A map is always evocative. Far off lands, new places to explore, hidden secrets just out of reach behind the innocent looking map symbols. A map provides not just a pathway to adventure, but many pathways. It invites people to explore and to choose which direction they want to head. A map is one of the best ways to avoid a railroad and give the players in a game free agency, to choose where they want to go and what they want to look at first.
Of course, in some sense you want this to be an illusion, and for there to be specific locations and places to be explored, that you have worked out in advance. But it's a powerful illusion.
Make maps. Show your players maps. You can have a secret GM version of the map indicating all the secrets and hidden things, but definitely let them see a "public knowledge" version of the map. If a picture is worth a thousand words, a map is worth a million.
Commentary by Keybounce (who has not seen the movie)
[Keybounce's comments will appear here when received.]
Commentary by memnarch (who has not seen the movie)
Wow, that's a much better projector than R2-D2 has. So many improvements for astromech droids in 30 years. Or maybe BB-8 just has the special protagonist/sidekick boost for the sequel movies; R2 always seemed like he was built much better, faster, smarter than the other astromechs seen in the originals and prequels. Either way, totally fits that BB-8 would be better here. And man, this is probably another one of those cool set piece scenes that I'm losing something by not seeing it animated.
Comic-wise, that's a smart move to just project the map instead of handing it over for someone else to look at. Corey might or might not be a little naive about tabletop gaming still, but one does not forget about curses one's character has on them. Everyone else that's handled that map is actually or presumed dead, so I can see anyone who tries taking the map away from BB-8 getting an arc welder in return.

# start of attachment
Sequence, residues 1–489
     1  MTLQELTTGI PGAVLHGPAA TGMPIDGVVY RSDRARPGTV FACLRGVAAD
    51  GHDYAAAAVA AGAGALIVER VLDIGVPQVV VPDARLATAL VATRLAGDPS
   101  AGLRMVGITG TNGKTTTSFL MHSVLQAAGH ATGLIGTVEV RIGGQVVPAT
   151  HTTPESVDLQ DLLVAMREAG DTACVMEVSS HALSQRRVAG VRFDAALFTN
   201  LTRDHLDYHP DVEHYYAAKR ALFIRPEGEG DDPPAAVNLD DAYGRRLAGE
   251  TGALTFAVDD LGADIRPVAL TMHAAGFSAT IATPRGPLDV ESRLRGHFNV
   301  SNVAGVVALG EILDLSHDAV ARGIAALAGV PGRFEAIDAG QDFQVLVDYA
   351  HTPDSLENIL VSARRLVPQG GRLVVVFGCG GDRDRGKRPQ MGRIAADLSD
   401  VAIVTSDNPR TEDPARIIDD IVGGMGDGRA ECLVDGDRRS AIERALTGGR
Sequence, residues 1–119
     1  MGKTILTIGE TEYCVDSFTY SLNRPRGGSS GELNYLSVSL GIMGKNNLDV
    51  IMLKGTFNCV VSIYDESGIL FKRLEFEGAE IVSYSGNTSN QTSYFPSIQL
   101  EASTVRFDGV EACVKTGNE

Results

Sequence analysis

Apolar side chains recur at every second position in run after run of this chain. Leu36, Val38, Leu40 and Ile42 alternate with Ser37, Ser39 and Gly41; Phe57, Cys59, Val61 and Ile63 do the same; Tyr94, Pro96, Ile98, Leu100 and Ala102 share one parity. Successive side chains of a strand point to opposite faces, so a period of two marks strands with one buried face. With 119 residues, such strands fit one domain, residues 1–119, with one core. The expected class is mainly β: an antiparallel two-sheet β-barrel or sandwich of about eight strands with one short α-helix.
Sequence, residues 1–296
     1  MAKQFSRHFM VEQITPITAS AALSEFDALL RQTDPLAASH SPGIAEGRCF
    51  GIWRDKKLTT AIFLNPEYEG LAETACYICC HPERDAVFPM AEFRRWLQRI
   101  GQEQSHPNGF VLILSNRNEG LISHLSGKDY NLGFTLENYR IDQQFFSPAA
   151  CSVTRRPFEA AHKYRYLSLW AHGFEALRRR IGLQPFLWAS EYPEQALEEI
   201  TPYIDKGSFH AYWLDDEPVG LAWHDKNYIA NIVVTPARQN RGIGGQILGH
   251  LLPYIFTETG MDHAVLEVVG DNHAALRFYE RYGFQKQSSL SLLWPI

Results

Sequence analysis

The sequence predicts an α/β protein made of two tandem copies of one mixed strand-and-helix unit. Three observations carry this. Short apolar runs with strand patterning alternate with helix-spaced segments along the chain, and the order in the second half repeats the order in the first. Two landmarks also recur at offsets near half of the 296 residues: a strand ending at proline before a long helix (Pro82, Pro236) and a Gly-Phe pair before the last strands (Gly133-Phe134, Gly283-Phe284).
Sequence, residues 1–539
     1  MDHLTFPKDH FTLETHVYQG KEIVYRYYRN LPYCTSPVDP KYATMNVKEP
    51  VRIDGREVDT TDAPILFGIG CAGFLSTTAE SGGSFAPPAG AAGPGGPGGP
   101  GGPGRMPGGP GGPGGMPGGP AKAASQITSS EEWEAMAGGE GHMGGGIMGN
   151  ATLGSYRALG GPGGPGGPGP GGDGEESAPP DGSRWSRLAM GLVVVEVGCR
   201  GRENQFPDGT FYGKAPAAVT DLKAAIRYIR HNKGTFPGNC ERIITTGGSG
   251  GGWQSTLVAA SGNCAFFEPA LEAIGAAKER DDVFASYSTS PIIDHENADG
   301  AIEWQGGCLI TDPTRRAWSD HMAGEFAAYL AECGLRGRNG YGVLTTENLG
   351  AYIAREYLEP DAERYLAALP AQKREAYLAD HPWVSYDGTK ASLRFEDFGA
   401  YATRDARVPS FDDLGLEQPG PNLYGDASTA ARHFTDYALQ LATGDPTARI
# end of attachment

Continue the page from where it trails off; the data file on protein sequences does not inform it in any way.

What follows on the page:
I know there's only so much room for text in the comics so we don't have an exact idea of how things are described, but this is the sort of situation that's perfect for pictures or props. Here, it sounds like the GM made or found and repurposed a cool looking map and is showing it off. Details like this, even if they're small pictures or rarely/never used again later, add so much to setting a scene. Having a GM suddenly show an image of of a creepy looking robot or a dinosaur stalking around a cabin in the woods makes the reveal of those so much more immediately impactful than when it's just a verbal description.
Rey: Now as I was saying, where are we going?
Yanni: Beats me.
BB-8: Hello? Map to the lost world of Ahch-To and Luke Amidala! The obvious quest hook!
Yanni: You got a map? Let’s have a look.
BB-8: Can I project it as a hologram?
GM: Yep! Here’s what it looks like. It’s a section of the Galaxy.
GM: Zooming in, you see several star systems, and a route marked in red.
Rey: Yep. That’s a quest hook if ever I’ve seen one.